An investigation into the extent to which a transnational university partnership develops students in the manner predicted by the contributing institutions’ graduate attributes.

Mahon, Dominic (2018) An investigation into the extent to which a transnational university partnership develops students in the manner predicted by the contributing institutions’ graduate attributes. PhD thesis, University of Nottingham.

[img] PDF (Thesis - as examined) - Repository staff only - Requires a PDF viewer such as GSview, Xpdf or Adobe Acrobat Reader
Download (2MB)

Abstract

The aim of this research is to investigate student development in the context of a transnational higher education partnership to deliver a foundation program between a Russell group university in the UK and a recently established university in Kazakhstan. It is argued that there is a crisis in the higher education sector internationally whereby the value of a degree is decreasing while the cost of obtaining a degree is increasing and that communication by universities of the purpose and value of a degree is a contributing factor to this crisis. It is further argued that the context of this research is of interest given the strategic importance of Kazakhstan on the New Silk Road and the continuing expansion of the internationalisation of higher education.

This research uses mixed methods and is divided into three discrete but complementary studies:

Study 1: An investigation into the development of graduate attributes, capabilities and their predictors. This study is quantitative and longitudinal in nature and uses a survey instrument administered at two points, the beginning and end of the academic year.

Study 2: An investigation into the perceptions of student development from the perspective of teaching and administrative staff working on the foundation program. This study is qualitative in nature and uses in depth interviews.

Study 3: An investigation into student experiences and perceptions of their own development of graduate attributes, capabilities and their predictors. This study is qualitative in nature and uses group interviews with student participants of study 1, to both confirm and explore the findings from the previous two studies.

The results indicate that participants in the overall study, both students and staff, do not have a fixed conception of the institution of the university. However, there was consensus between participants in the three studies over certain qualities that individuals develop whilst at university, which include critical thinking, openness and maturity.

Changes in capability and graduate attributes, as measured by the survey instrument in this study, were correlated. An unexpected finding was that the only significant changes in capability were decreases in those capabilities connected with stress and affiliation. Exploration of this finding in the third study revealed that the nature of the foundation year itself, in that it is a pass or fail hurdle for entry to the university, may be responsible for the decreases in capabilities. Participants in study 1 also registered a significant increase in the personality trait of conscientiousness. This trait aligns with graduate attributes associated with organisational skills and autonomy.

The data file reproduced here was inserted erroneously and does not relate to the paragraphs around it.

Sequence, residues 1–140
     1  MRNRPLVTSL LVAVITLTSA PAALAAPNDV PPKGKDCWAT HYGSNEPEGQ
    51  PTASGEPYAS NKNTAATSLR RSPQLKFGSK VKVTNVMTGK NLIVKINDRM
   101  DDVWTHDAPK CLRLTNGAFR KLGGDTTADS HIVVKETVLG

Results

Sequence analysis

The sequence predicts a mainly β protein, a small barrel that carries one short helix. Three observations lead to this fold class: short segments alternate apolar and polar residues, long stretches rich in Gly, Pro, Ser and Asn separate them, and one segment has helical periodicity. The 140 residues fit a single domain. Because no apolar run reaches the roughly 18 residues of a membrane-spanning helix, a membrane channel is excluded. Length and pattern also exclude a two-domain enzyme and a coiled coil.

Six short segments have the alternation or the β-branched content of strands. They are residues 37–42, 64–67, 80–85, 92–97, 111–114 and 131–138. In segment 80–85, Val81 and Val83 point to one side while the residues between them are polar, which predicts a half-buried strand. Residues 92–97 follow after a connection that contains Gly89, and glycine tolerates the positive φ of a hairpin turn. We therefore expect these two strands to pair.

Analysis of the data set revealed that intrinsic motivation (such as a desire to study as an end in itself) and stress are important predictors of the development of graduate attributes. However, students entering the university are largely motivated by extrinsic factors (predominantly connected to future employment) and over the course of the foundation year, levels of intrinsic motivation decrease and stress increase.

There are two principal conclusions arising from this study. Firstly, students do develop in the manner perceived by students and staff. This is in line with the intrinsic notion of the benefits of the university as described in general by graduate attributes. Secondly, how students develop can be predicted by the analysis of variables including intrinsic motivation and stress.

It may be the case that the extrinsic motivation of students observed in this research is a product, at least in part, of the direction universities are taking and the crisis in HE described earlier. The measurement of student development should be an important step not only in the mitigation of this crisis through allowing for the promotion of the intrinsic value of HE, but also in predicting where students may encounter obstacles to their development.

Item Type: Thesis (University of Nottingham only) (PhD)
Supervisors: Murphy, David
Morgan, John
Harris, Belinda M.
Keywords: Higher education, Kazakhstan, student development, capabilities approach, motivation, graduate attributes, Central Asia
Subjects: L Education > LB Theory and practice of education > LB2300 Higher education
Faculties/Schools: UK Campuses > Faculty of Social Sciences, Law and Education > School of Education
Item ID: 55444
Depositing User: Mahon, Dominic
Date Deposited: 24 Jan 2019 08:59
Last Modified: 07 Feb 2019 18:30
URI: http://eprints.nottingham.ac.uk/id/eprint/55444

Actions (Archive Staff Only)

Edit View Edit View